that any suitable shoe may be attached to the body ll of the skate and be supported by and upon the toe and heel flange I and I6, respectively, thereof.
It is also to be noted that when the new skate III is in use the skater may readily stop his forward motion by tilting the skate upwardly at the front end of the same so that the brake member 25 will exert a drag upon the surface over which the skate is traveling, the member 25 thusacting as a brake.
It is likewise to be noted when. the new skate I0 is in use tife skater may employ the middle roller 2| as a pivot upon which ,to turn, although the skate lll may also be made of only two rollers, if desired, in place of three, as shown.
A modified form of the new skate is shown in I except for the construction of the rollers, one of I or cage 3| which is formed as a part of the body ll of the roller 26 (Fig. 4). The bearings 30 also travel in an annular groove 40 which is formed in the hub 21, thereby preventinglateral movement of the roller. The body 34 of the roller 26 has a pair of peripheral flanges 35 which extend radially outwardly therefrom, and attached to,'
and mounted between, these flanges 36 is a relatively narrow circular blade 36; it being noted that this modified form of the skate Shown in Fig. 4 is especially adapted for use upon ice and other analogous smooth and slippery surfaces and when so used the blades are very effective to prevent slipping, each of the blades 36 having a relatively straight peripheral surface 31 and sharp edges 38 which are adapted to grip the surface upon which the skate is used and to prevent lateral slipping when the skate is used upon ice; it being noted that the edges 38 of the blade 36 are thus distinguished from the curved v edges 42 of the roller 2| (Fig.2).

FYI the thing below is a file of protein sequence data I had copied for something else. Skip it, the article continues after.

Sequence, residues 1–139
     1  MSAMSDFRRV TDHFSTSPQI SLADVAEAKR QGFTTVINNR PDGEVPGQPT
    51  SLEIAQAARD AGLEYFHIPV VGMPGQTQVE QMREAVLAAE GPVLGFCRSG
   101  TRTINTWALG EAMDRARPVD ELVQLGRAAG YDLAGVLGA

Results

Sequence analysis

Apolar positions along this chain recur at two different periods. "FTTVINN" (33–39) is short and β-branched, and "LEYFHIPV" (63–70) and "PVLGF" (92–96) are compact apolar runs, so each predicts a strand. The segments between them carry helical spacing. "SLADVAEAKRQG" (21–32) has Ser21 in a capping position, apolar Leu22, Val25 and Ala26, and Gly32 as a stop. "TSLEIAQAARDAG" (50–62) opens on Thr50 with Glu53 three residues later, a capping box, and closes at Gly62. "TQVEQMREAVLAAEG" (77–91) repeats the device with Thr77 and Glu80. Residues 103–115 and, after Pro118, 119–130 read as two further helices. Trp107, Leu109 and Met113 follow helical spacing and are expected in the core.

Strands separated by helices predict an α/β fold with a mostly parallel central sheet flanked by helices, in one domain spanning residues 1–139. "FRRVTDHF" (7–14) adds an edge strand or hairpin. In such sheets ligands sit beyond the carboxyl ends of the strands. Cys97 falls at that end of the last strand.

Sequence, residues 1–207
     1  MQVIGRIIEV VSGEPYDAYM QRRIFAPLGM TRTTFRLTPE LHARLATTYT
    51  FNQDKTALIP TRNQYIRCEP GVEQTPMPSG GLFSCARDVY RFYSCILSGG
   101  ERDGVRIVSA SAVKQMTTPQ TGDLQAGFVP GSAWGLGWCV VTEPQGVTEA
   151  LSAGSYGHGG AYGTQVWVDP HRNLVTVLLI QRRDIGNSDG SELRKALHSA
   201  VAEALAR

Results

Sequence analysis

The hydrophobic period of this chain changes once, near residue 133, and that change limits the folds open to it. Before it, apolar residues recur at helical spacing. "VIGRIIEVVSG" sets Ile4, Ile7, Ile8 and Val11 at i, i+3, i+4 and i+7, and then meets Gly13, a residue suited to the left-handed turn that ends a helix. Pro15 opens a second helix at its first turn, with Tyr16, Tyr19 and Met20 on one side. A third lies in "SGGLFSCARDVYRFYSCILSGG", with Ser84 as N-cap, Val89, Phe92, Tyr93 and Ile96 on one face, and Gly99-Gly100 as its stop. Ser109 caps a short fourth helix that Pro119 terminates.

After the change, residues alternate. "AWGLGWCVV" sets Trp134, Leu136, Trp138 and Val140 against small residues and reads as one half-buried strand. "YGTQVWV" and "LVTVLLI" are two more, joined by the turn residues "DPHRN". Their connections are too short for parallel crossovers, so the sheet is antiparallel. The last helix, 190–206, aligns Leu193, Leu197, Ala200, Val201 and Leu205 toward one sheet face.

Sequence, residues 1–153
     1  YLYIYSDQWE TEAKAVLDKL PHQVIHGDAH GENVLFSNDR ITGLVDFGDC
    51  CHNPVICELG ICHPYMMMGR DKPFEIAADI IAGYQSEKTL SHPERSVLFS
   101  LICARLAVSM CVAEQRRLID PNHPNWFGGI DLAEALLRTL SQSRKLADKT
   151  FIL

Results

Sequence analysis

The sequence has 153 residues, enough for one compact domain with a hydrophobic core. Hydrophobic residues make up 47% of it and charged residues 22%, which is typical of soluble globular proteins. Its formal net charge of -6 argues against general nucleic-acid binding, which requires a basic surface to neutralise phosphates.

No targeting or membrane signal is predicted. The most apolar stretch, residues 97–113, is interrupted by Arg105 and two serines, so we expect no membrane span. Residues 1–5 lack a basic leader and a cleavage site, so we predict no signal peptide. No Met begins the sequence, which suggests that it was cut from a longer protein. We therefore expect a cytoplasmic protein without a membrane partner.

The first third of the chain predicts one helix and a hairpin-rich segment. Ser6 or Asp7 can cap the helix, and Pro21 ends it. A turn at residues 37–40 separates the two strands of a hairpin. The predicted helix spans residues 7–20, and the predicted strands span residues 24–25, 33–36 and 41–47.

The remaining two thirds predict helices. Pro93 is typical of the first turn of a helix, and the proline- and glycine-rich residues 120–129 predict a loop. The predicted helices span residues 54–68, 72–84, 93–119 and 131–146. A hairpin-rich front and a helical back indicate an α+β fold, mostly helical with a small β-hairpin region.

While I have illustrated and described the preferred form of construction for carrying my invention'into effect, this is capable of variation and modification, without departing from the spirit of the invention. I, therefore, do not wish to be limited to the precise details of construction set forth,'but desire to avail myself of such variations and modifications as come within the scope of the appended claim.
Having thus describedv my invention, what I claim as new and desire to protect by Letters Patent is: a
A roller skate having an integral one-piece supporting frame or body of sheet metal comprising a horizontal top portion and longitudinally spaced and laterally extending heel and toe plates cut out of said body, and spaced side walls of sub-.
stantial height integral therewith and bent downwardly from the said top portion heel and toe plates, and having an inverted U-shaped formation in cross-section throughout the major portion of the length of the skate, the lower portions of the side walls being substantially straight and continuous and providing roller-axle bearings, and a plurality of rollers located in a single track in the space between said side walls and having axles mounted in said bearings.